Anniversary of The Jam's Big Break

(Gibson) On this day in 1977, Polydor Records bolstered their slightly deficient punk roster with a young trio from Woking, Surrey. Though they shared the fire and volume levels of punk, The Jam were a bit different than most of the safety pin set, wearing the influences of The Who, The Small Faces and The Kinks on the sleeves of their rather stylish mod suits. Later, they would be labeled as "New Wave," but as that term had not yet become commonplace, The Jam would fall (for the moment, at least) under the heading of punk.

The Jam were founded by a 14-year-old rock 'n' soul kid named Paul Weller in 1972. In their original incarnation, The Jam consisted of Weller on bass, school friends Steve Brookes and Dave Waller on guitar, and, eventually, a drummer two-and-a-half years Weller's senior named Rick Buckler. Weller's taxi-driving dad, John Weller, managed the group, initially booking them at working men's clubs.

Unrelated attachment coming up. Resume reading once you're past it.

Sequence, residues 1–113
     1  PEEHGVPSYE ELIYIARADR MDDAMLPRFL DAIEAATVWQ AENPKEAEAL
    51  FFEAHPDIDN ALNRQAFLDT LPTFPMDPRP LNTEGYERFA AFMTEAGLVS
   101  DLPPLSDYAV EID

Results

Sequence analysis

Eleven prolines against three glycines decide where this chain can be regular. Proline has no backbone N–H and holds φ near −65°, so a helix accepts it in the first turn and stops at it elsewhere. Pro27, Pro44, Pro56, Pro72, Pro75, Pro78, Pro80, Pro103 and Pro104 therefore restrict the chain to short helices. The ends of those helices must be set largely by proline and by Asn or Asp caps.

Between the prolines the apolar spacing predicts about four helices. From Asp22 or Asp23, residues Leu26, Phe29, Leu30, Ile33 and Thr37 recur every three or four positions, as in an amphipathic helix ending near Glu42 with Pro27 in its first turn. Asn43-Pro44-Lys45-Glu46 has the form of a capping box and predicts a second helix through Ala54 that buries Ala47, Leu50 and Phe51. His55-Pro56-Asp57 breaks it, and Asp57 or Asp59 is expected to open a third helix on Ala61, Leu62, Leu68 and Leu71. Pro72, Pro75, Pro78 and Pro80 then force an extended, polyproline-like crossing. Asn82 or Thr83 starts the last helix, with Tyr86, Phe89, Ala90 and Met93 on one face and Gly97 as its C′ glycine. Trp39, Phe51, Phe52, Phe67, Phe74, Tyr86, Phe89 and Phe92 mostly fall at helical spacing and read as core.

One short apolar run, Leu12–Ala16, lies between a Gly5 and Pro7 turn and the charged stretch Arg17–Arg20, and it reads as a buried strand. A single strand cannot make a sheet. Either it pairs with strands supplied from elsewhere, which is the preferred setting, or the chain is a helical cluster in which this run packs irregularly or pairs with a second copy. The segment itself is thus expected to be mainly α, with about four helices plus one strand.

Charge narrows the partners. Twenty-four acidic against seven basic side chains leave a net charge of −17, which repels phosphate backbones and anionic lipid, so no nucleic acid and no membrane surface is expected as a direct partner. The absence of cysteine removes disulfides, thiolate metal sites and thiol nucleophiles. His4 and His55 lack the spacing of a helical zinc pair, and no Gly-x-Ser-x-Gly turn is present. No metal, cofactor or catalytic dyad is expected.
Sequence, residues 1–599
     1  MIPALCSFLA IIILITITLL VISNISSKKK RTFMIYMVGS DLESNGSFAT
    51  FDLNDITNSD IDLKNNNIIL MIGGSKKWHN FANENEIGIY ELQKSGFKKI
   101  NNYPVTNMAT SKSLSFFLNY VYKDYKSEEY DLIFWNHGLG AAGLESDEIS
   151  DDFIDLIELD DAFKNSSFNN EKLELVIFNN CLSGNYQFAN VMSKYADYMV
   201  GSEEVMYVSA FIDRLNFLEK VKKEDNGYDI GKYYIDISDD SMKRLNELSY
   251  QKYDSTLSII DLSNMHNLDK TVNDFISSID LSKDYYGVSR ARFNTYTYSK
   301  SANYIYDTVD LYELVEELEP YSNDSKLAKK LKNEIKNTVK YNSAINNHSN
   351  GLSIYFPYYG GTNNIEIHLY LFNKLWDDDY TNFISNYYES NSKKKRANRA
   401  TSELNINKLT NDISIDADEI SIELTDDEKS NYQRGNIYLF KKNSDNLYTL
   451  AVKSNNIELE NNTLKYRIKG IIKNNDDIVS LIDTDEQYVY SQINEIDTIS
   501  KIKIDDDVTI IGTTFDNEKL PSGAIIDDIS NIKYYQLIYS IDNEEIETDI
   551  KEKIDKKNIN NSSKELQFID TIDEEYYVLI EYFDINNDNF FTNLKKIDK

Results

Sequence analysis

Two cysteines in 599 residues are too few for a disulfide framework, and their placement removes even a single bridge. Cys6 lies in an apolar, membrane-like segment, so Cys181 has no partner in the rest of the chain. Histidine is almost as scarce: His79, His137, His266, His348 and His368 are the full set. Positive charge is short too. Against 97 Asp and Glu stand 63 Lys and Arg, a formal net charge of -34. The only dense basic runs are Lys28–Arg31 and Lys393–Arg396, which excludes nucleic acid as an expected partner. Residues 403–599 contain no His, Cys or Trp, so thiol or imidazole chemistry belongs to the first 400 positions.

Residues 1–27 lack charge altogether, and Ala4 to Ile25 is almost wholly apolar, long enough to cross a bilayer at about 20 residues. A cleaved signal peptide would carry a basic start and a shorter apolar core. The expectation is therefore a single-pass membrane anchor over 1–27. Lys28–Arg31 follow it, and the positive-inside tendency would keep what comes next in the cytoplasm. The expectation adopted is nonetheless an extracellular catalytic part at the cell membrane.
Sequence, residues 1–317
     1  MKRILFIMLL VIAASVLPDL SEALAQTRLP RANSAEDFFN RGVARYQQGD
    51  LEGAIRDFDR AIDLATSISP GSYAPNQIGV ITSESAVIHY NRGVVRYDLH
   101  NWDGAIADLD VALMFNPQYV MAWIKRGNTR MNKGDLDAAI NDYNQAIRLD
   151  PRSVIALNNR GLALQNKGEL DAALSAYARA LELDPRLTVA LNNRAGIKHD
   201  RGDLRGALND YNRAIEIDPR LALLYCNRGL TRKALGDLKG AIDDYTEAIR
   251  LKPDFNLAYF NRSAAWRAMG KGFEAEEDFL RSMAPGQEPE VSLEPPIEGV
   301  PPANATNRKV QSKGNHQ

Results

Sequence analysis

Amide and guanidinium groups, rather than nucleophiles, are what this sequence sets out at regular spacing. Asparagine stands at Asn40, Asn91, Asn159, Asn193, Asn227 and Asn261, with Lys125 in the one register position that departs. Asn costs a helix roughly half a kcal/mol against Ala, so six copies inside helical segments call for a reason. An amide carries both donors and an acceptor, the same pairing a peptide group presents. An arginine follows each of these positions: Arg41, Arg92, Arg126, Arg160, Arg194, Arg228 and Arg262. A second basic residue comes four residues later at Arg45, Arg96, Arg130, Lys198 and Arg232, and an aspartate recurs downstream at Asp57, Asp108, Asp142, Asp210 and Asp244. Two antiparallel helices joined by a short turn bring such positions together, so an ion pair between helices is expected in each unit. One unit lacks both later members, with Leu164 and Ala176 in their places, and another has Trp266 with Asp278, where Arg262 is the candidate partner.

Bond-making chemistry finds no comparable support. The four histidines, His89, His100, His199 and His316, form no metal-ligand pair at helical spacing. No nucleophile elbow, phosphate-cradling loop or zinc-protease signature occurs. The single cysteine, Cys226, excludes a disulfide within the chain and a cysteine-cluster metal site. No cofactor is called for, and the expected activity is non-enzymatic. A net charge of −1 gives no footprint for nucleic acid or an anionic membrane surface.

Last year, Weller recalled the group's first gig in an interview on Gibson.com: "It was a Wednesday night in the local social club [playing] to seven or eight disinterested punters. I was only 14 years old… We were dreadful! We just played cover versions of rock 'n' roll and R&B. Slaughtered them, really." more on this story

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